• Developing artificial intelligence to detect grape bunches and predict yield.
    Developing artificial intelligence to detect grape bunches and predict yield.
  • Sectioning the vineyard into measureable slices.
    Sectioning the vineyard into measureable slices.

A University of Adelaide and industry collaboration has developed a digital platform to help grapegrowers optimise their irrigation and crop management.

VitiVisor collects information directly from the vineyard, using cameras and sensors. It then analyses the large amounts of data produced to assess vineyard performance and, for the first time, offer coordinated advice on management practices such as irrigation, pruning, fertiliser, fungicide and pesticide applications.

It is the result of a $5 million digital technologies project supporting on-farm decision making for winegrape production. The collaboration includes the University, Riverland Wine and Wine Australia, with support from UniSA and Primary Industries and Regions SA (PIRSA).

The project brought together researchers in viticulture, engineering, remote sensing, farm economics, water accounting, artificial intelligence, machine learning and robotics, with grapegrowers and their deep knowledge of vineyard production and processes from the Riverland wine region.

The project is being developed in partnership with Riverland growers but the end product will be an open source platform, expandable over time, allowing anyone to add new applications and usable by all growers.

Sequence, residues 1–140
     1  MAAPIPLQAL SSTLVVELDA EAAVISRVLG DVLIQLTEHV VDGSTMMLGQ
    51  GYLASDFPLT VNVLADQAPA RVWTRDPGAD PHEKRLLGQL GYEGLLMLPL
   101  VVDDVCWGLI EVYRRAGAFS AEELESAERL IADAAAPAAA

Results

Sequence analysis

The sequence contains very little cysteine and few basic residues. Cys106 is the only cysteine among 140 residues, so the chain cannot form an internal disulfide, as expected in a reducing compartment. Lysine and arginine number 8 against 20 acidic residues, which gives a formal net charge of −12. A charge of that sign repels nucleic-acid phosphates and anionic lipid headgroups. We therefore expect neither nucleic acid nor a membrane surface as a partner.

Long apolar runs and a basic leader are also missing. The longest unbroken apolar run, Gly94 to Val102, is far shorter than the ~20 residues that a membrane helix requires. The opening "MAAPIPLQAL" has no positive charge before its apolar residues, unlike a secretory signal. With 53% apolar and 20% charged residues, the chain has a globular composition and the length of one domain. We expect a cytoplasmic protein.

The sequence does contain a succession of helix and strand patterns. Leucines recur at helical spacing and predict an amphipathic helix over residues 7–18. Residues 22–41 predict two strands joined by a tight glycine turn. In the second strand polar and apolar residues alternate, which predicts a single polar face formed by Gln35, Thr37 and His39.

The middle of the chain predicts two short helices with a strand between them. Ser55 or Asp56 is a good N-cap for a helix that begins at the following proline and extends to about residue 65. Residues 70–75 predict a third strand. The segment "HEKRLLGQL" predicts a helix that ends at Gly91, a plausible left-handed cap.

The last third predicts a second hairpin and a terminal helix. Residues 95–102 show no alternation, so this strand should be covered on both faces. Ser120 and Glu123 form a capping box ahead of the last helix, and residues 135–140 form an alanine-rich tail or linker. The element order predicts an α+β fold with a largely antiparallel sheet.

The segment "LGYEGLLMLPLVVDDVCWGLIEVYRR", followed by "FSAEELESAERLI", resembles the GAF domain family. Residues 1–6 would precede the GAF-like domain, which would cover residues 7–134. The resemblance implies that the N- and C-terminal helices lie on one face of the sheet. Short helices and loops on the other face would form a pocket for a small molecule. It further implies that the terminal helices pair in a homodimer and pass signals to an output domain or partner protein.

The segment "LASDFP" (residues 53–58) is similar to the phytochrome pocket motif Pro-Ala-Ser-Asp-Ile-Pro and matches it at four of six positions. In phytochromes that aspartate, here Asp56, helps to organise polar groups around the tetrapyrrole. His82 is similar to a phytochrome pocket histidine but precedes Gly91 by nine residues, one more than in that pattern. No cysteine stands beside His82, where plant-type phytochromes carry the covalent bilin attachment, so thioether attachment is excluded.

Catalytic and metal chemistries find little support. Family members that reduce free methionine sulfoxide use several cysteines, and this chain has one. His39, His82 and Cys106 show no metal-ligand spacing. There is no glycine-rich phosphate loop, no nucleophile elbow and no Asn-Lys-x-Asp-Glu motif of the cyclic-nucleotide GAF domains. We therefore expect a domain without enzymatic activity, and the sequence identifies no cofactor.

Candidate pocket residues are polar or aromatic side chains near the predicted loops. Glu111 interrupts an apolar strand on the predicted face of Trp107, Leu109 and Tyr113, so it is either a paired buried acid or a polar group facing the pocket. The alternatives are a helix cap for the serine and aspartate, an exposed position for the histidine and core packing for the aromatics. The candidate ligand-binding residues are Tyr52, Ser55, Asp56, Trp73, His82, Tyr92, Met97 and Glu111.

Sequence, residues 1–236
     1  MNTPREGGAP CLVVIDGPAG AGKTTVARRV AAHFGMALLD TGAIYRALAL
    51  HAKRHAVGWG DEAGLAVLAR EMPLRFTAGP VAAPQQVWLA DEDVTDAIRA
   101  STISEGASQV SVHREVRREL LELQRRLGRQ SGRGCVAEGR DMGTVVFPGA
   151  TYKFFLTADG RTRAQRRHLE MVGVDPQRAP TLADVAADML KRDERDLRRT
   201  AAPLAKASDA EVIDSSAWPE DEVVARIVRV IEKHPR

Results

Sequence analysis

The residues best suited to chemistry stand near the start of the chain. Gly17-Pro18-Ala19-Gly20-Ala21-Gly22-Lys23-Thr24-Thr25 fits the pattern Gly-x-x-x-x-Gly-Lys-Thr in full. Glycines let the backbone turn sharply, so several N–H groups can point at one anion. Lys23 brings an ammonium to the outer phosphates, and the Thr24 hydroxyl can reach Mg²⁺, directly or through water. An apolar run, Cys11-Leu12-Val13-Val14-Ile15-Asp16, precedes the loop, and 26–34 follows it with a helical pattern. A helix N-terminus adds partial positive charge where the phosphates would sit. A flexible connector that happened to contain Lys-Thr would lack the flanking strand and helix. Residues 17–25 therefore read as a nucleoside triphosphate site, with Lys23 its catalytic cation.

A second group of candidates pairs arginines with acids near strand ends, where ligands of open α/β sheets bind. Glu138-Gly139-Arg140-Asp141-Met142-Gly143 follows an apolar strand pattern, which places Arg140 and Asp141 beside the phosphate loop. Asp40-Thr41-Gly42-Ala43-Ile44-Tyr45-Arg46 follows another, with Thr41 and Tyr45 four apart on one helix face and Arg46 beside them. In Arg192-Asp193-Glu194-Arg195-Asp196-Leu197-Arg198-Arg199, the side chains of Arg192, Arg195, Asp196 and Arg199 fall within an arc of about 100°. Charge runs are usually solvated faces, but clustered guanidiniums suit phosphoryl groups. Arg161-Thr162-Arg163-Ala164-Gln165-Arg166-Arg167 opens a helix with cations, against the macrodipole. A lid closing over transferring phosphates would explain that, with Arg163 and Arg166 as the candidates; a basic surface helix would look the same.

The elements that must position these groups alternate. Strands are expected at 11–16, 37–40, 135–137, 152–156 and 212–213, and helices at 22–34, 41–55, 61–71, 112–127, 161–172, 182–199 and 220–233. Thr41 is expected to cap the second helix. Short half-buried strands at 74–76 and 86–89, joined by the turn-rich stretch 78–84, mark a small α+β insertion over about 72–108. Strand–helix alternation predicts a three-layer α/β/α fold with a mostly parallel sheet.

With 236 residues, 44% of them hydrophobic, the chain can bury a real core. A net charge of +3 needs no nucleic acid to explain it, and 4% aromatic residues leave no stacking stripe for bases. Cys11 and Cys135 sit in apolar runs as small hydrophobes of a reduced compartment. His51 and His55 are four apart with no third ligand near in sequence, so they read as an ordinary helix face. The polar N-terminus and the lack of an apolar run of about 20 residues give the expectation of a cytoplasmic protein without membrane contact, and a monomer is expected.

Riverland Wine executive chair Chris Byrne initiated the project because the region is Australia's largest wine-growing area and has specific needs due to the scale of operations and its market position.

Byrne brought together motivated growers and advisors from the region to work with the university on ways to reduce production costs.

The digital platform includes cameras and sensors in the vineyard, collecting data and analysing its performance. For example, it can measure canopy growth, fruit production, sap flow and soil moisture.

It means growers can track and predict how actions like the application of water, fertiliser and herbicides and various canopy management strategies relate to vineyard outcomes such as fruit yield and quality.

The information is displayed as a dashboard, giving growers a quick snapshot of what is happening in their vineyards. It is then a simple process to share information about vineyard performance with their advisors.

The vineyard level information can also be combined with market and farm cost information, which can guide decisions to maximise farm returns.

For Byrne, the project is a key part of the company’s strategic plan to “transition our industry to the new wine era through building members’ knowledge, rebuilding the brand and influencing industry decisions. This technology will empower and enable growers to achieve excellence in all aspects of their wine growing and winemaking.”

Wine Australia helped shape the project and PIRSA is providing project management, ensuring a quick start so the team can collect data this season.

Wine Australia CEO Andreas Clark said considering the rapid evolution of technology in viticulture, it was “exciting to see an integrated approach to developing a single, open-source system that will combine many of these advances to help support decision making for grapegrowers all around Australia”.

University of Adelaide AgriFood and Wine director and project supervisor Professor Andy Lowe said: “The University of Adelaide has key strategic priorities in agrifood and wine and has deliberately aligned itself with industry and state needs.”


Last year, Pernod Ricard Winemakers, also based in South Australia, announced it was working with artificial intelligence software specialist Complexica to digitise its supply chain systems across multiple operating sites in Australia, the US and Spain (Food & Drink Business, 19/06/2019). It was #39 in our 2019 Australia's Top 100 Food & Drink Companies report

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